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Caring Hands Pediatrics
North Office: 412-369-7720
Robinson Office: 412-921-2345
Your baby's nutrition still comes from breast milk or formula. Most babies take about 6 - 7 ounces every 4 to 5 hours, though this can vary from child to child. You can start feeding your baby cereal between 4 to 6 months if he can hold his head up and sit well with support. If your baby is content and not taking more than 32 ounces/day, wait until closer to 6 months to start solid foods. If your baby is taking more than 32-36 ounces/day and seems to not be satisfied with the formula or breast milk, start with single grain cereal mixed with formula or breast milk. Initially, make the cereal more liquidy, but you can gradually thicken it as your baby gets used to eating more solid foods. Feed the cereal from a spoon, not in the bottle. You can also introduce fruits and vegetables at this age; however, as you introduce new foods, try them for 2-3 days before introducing another new food into your baby's diet. This way, you can monitor to see if your baby has a reaction, which might include rash, vomiting or diarrhea. Also, with trying new foods, it is better to start with single ingredients, rather than mixed foods, in case your child does show symptoms of food allergy. New research suggests that starting peanut products (like peanut powder or peanut butter mixed into cereal) at 4-6 months decreases the risk of developing peanut allergy. If there is a family history of food allergies or if your child has eczema, please wait to introduce foods until you discuss it with us.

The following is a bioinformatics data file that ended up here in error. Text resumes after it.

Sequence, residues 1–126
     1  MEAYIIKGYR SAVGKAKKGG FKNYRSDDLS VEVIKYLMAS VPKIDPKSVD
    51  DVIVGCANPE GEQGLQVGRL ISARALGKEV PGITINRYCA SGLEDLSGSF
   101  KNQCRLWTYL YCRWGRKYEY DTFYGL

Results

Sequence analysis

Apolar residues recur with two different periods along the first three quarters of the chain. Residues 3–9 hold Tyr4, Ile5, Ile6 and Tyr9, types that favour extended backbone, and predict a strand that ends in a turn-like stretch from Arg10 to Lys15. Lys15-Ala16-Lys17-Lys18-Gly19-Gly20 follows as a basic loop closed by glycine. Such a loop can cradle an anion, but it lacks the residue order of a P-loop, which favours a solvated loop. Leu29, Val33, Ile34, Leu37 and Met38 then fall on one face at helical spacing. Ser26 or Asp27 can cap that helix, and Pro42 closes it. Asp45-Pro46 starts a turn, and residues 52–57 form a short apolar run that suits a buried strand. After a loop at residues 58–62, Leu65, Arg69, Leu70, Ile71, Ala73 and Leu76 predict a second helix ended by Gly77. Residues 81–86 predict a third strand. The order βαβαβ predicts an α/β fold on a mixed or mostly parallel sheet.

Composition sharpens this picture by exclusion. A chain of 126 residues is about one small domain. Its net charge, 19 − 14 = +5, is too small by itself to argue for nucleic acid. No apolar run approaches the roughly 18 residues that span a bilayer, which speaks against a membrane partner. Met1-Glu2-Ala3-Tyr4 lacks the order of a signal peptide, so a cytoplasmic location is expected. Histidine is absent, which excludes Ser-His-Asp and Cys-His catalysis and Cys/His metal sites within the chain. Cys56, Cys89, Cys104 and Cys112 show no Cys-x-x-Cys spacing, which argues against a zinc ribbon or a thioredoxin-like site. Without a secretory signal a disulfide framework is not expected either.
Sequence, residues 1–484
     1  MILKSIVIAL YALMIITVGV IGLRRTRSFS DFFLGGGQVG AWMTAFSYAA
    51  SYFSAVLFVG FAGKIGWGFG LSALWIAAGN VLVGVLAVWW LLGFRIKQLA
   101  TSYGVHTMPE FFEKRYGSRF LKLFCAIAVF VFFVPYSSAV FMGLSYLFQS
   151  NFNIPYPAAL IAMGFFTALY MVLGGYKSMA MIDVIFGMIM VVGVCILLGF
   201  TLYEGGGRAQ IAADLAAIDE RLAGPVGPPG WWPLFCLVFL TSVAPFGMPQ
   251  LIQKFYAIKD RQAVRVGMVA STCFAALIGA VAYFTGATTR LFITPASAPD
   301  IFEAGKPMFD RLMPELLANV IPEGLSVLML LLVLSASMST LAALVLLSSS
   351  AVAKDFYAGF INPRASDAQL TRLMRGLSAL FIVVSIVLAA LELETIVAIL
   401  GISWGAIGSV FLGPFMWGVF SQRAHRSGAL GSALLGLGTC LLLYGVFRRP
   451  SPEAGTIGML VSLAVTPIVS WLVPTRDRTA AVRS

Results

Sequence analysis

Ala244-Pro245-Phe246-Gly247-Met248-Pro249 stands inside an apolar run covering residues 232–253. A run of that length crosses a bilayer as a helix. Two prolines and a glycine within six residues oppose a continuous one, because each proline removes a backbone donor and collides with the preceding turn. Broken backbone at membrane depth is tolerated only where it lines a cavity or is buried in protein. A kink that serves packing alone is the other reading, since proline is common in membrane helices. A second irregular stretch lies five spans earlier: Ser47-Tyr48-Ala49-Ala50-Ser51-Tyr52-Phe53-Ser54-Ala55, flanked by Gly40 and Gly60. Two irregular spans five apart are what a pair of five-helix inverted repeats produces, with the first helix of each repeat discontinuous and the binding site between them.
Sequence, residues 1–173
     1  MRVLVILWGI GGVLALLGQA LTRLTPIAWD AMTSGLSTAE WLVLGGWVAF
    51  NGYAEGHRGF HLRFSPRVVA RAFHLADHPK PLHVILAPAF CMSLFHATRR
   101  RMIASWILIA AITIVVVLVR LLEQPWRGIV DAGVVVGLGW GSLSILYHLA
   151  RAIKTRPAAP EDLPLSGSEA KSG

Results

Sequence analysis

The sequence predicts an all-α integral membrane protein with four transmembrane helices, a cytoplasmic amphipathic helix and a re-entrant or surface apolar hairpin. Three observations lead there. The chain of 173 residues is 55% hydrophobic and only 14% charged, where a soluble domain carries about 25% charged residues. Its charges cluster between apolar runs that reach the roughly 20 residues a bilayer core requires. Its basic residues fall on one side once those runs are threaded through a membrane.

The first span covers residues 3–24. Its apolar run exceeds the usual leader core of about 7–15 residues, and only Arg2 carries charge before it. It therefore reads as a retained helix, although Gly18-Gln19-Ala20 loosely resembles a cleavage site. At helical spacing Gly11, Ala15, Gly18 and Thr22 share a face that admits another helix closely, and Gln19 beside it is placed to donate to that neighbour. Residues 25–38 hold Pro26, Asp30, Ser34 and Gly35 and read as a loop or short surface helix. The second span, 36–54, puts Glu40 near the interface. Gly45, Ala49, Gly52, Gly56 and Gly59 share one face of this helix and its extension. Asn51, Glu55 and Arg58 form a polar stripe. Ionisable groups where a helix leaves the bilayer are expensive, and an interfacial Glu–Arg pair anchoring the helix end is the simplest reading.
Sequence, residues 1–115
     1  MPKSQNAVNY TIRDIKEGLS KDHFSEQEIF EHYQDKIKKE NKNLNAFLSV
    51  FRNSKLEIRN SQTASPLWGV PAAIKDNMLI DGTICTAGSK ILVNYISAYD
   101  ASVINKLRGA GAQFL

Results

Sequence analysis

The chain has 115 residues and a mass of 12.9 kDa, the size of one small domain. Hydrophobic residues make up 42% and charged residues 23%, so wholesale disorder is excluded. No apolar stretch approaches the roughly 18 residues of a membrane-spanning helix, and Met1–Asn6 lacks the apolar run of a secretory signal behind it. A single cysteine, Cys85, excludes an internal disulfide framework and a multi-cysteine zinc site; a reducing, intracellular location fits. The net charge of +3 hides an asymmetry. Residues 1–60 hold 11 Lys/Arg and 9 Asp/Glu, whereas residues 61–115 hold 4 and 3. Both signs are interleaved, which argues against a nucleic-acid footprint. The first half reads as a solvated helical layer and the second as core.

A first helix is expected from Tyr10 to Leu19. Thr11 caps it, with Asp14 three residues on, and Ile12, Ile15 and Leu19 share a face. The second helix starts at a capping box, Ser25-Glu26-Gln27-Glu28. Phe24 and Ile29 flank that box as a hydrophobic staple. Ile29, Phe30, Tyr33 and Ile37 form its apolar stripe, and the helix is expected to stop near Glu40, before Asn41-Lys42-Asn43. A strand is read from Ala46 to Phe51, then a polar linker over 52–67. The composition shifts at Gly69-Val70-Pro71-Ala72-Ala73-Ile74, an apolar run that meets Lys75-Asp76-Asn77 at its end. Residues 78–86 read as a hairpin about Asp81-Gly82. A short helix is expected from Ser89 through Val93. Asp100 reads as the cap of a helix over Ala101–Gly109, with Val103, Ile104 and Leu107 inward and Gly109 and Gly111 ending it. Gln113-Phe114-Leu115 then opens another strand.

Give vitamins if you are still breastfeeding and not giving any formula.
Remember, do not give honey to babies under 1 year of age.
Babies should be placed to sleep on their backs. Most babies will sleep through the night by 3 to 4 months and nap 4 to 6 hours during the daytime. Try to place your baby in the crib when he or she is drowsy, but still awake. Do not put your baby in bed with a bottle. Try to establish a good bedtime routine to help your child learn to fall asleep on his or her own and be more likely to sleep through the night. When babies awaken in the middle of the night, they frequently need the same surroundings to help them fall back to sleep. So if your baby is used to being rocked to sleep, he will need to be rocked again when he wakes in the middle of the night. If you help your child learn to fall asleep independently, he will be more likely to put himself back to sleep on his own.
Many babies begin teething at this age. You may notice your baby drooling a lot and chewing on her fingers. You can use a teething ring. Oftentimes, babies will teethe for a long time before the teeth actually break through the gums.
The DTaP, IPV, Hib, PCV13 are given as shots, but the Rotavirus vaccine is given by mouth.
Your baby may get a fever and be fussy for 24-48 hours after the immunizations. There may also be some soreness, redness and swelling at the sites of the immunizations. Acetaminophen may be given to help make your baby more comfortable.
For more detailed information about each vaccine, click on the above links.
300 Cedar Ridge Dr., Ste 309
Pittsburgh, PA 15205
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